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    PENTECOST
    (see also Acts 2:1-21)

    Power can be used in at least two ways: it can be unleashed, or it can be harnessed. The energy in ten gallons of gasoline, for instance, can be released explosively by dropping a lighted match into the can. Or it can be channeled through the engine of a Datsun in a controlled burn and used to transport a person 350 miles. Explosions are spectacular, but controlled burns have lasting effect, staying power. The Holy Spirit works both ways. At Pentecost, he exploded on the scene; His presence was like "tongues of fire" (Acts 2:3). Thousands were affected by one burst of God's power. But He also works through the church--the institution God began to tap the Holy Spirit's power for the long haul. Through worship, fellowship, and service, Christians are provided with staying power.

    Source Unknown.


    If people would have been asked in 1968 which nation would dominate the world in watch making during the 1990s and into the twenty-first century the answer would have been uniform: Switzerland. Why? Because Switzerland had dominated the world of watch making for the previous sixty years.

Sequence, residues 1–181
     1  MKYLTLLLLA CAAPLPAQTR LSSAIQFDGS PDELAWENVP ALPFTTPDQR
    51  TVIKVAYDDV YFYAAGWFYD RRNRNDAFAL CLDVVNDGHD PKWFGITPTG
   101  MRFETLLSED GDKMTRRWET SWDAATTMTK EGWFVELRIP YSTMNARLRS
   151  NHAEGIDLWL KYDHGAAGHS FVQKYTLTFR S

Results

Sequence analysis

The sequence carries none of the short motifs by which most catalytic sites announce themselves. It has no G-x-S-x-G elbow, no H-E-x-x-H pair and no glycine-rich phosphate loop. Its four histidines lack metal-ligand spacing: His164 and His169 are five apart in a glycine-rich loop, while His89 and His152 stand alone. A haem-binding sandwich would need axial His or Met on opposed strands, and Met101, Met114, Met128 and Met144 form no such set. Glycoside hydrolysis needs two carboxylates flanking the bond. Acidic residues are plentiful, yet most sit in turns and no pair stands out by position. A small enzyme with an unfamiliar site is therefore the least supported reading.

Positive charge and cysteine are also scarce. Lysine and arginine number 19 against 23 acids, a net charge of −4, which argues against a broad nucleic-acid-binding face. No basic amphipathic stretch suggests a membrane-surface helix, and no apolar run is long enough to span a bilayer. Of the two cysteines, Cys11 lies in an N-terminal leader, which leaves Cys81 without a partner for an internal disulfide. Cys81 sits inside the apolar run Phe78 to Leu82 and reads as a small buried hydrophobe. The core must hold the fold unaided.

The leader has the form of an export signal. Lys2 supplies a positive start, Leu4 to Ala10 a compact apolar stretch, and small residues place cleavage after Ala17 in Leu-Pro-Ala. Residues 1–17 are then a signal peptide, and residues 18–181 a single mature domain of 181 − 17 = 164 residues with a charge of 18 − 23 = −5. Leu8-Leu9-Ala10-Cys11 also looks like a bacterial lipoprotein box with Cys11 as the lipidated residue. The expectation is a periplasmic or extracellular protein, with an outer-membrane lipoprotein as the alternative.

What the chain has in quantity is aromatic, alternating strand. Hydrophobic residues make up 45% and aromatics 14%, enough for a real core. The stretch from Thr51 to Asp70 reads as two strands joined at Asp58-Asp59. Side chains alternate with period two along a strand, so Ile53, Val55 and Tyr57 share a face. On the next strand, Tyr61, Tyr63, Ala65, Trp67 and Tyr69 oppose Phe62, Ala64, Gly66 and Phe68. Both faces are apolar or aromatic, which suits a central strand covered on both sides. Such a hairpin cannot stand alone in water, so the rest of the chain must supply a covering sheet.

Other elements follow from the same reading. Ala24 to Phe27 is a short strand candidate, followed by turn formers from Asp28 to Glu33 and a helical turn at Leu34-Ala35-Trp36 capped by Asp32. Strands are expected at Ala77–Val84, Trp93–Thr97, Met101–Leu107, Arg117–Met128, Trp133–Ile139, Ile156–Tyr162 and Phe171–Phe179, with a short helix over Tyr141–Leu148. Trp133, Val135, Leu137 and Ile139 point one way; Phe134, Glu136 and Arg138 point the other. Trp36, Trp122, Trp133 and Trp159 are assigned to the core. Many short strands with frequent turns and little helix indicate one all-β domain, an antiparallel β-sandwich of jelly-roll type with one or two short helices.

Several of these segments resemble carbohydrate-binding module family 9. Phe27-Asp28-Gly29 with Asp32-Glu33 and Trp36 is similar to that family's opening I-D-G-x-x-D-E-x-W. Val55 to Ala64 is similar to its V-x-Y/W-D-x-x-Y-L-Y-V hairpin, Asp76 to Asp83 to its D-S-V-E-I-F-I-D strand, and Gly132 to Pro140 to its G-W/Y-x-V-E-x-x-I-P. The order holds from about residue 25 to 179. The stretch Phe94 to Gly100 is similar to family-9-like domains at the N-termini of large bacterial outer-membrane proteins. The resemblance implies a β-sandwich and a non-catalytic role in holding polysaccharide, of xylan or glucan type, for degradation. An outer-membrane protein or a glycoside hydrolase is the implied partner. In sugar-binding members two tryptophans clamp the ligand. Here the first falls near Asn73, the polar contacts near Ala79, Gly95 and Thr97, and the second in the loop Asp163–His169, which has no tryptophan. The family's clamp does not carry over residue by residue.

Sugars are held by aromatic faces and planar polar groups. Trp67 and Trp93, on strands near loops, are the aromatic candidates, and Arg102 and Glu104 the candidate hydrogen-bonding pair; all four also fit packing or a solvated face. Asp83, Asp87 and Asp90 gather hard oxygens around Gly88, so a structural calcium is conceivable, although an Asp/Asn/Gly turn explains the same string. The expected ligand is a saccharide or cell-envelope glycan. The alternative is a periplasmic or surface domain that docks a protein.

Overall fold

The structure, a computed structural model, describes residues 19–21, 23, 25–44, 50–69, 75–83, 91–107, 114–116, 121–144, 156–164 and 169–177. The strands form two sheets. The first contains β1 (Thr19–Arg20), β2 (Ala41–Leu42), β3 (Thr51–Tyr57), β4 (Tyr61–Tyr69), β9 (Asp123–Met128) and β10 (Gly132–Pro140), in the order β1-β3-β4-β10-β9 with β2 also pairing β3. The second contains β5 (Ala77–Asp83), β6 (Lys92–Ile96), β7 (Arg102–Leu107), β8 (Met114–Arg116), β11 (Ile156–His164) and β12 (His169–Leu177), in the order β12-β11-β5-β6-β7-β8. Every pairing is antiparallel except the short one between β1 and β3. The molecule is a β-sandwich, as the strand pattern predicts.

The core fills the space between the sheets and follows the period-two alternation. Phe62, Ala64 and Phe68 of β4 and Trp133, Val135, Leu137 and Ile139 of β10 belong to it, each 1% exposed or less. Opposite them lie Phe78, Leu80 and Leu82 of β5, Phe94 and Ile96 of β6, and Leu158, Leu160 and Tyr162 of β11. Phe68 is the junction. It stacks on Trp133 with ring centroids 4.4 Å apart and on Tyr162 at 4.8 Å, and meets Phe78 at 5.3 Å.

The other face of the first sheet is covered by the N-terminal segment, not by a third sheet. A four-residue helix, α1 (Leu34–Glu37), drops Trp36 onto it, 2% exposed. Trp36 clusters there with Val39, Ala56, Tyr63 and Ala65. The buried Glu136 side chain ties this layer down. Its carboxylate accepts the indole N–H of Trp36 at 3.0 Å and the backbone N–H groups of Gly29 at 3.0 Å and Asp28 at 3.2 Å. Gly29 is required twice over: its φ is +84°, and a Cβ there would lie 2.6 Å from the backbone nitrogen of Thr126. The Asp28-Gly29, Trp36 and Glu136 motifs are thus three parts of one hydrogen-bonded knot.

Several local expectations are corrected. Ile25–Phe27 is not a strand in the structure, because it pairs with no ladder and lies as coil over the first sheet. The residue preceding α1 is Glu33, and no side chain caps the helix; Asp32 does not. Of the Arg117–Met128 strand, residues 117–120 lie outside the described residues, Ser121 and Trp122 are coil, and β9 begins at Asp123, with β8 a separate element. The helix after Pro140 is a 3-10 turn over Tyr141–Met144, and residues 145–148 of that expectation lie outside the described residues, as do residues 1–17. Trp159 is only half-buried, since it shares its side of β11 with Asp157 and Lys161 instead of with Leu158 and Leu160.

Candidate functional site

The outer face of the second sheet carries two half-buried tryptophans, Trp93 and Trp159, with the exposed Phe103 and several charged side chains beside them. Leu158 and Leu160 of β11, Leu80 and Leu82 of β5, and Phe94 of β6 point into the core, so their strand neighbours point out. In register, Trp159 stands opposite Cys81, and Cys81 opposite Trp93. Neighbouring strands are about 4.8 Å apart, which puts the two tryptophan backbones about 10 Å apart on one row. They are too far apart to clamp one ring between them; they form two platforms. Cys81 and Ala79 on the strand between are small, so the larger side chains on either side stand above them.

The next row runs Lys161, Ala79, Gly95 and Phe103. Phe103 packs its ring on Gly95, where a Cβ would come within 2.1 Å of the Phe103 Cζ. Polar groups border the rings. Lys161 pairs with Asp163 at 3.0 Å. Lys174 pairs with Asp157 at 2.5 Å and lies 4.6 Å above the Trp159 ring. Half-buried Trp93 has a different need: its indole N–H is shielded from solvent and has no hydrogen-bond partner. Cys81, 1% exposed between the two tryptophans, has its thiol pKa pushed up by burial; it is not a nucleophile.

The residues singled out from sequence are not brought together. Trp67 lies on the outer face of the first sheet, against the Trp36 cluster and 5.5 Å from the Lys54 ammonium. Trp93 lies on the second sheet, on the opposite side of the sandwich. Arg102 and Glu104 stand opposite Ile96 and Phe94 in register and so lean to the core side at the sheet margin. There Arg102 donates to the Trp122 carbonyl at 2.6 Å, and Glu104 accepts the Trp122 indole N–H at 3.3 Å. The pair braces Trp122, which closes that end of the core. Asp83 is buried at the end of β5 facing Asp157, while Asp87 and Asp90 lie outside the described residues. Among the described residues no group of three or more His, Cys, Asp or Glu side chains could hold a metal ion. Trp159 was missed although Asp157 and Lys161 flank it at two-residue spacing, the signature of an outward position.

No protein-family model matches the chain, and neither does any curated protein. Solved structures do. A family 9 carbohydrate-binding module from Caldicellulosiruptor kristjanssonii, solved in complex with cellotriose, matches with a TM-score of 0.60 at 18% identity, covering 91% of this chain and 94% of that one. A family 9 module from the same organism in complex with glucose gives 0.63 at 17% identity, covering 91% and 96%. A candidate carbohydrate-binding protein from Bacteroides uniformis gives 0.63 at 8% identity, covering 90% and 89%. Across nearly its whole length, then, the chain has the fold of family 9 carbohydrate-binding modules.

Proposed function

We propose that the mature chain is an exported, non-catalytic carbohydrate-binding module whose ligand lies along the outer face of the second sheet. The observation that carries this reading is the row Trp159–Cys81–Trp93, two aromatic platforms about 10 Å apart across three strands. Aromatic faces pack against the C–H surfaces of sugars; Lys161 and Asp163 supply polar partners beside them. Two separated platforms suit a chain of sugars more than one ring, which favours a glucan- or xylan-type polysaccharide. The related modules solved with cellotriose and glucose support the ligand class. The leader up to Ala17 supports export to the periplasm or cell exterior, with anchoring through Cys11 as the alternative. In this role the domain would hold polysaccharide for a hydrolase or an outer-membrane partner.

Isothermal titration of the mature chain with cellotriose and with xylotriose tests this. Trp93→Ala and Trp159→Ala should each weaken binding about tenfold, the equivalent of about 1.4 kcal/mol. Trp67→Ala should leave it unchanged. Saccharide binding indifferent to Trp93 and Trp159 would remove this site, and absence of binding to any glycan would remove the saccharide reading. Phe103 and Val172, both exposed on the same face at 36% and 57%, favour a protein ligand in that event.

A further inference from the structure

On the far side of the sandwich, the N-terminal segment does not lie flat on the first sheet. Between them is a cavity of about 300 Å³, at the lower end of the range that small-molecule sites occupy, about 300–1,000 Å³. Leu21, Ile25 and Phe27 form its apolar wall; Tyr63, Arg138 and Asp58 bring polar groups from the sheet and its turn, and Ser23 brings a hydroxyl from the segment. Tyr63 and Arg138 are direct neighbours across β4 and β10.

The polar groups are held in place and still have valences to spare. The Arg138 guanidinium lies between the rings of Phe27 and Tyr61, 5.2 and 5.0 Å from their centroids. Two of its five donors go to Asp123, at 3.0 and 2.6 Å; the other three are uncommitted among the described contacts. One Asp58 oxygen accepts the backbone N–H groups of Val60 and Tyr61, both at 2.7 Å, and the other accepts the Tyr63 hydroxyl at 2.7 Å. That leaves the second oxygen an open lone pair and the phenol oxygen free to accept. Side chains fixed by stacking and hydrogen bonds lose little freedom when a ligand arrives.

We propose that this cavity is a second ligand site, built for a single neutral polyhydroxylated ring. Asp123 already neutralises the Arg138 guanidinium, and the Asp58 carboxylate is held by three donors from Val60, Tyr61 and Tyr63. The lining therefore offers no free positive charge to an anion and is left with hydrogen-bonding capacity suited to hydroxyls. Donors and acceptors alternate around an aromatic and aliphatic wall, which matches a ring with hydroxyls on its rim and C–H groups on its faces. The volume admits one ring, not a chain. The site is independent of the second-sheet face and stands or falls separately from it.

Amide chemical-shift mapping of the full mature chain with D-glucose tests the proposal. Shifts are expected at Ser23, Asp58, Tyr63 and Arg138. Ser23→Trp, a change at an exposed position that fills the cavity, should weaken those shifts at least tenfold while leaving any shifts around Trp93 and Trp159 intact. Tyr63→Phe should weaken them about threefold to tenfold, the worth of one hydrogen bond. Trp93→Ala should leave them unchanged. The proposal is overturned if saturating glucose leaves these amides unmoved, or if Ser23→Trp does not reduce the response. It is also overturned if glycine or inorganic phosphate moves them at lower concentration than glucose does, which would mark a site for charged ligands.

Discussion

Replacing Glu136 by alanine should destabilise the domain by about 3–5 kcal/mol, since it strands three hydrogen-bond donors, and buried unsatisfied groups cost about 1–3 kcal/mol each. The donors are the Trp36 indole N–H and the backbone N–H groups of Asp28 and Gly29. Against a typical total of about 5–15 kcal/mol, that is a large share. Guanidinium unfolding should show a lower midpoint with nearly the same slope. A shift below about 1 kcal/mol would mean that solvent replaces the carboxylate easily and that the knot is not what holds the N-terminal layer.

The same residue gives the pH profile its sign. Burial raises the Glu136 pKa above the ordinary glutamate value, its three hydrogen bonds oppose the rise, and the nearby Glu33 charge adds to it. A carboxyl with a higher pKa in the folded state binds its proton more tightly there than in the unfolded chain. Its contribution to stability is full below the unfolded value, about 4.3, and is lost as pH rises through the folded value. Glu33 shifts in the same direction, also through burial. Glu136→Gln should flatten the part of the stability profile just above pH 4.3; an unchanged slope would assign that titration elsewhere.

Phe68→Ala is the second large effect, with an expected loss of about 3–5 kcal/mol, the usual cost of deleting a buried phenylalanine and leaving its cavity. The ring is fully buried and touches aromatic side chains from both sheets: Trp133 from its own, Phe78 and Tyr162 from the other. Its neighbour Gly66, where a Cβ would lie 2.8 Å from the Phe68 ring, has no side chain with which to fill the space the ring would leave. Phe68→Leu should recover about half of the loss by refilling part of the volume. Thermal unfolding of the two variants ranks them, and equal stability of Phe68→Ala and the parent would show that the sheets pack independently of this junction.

The Swiss made the best watches in the world and were committed to constant refinement of their expertise. It was the Swiss who came forward with the minute hand and the second hand. They led the world in discovering better ways to manufacture the gears, hearings, and mainsprings of watches. They even led the way in waterproofing techniques and self-winding models. By 1968, the Swiss made 65 percent of all watches sold in the world and laid claim to as much as 90 percent of the profits.

    By 1980, however, they had laid off thousands of watch-makers and controlled less than 10 percent of the world market. Their profit domination dropped to less than 20 percent. Between 1979 and 1981, fifty thousand of the sixty-two thou-sand Swiss watchmakers lost their jobs. Why? The Swiss had refused to consider a new development—the—the Quartz movement—ironically, invented by a Swiss. Because it had no main-spring or knob, it was rejected. It was too much of a paradigm shift for them to embrace. Seiko, on the other hand, accepted it and, along with a few other companies, became the leader in the watch industry.

    The lesson of the Swiss watchmakers is profound. A past that was so secure, so profitable, so dominant was destroyed by an unwillingness to consider the future. It was more than not being able to make predictions—it was an inability to re-think how they did business. Past success had blinded them to the importance of seeing the implications of the changing world and to admit that past accomplishment was no guarantee of future success.


    James Enery White, Rethinking The Church, Baker Books, 1998, p. 20.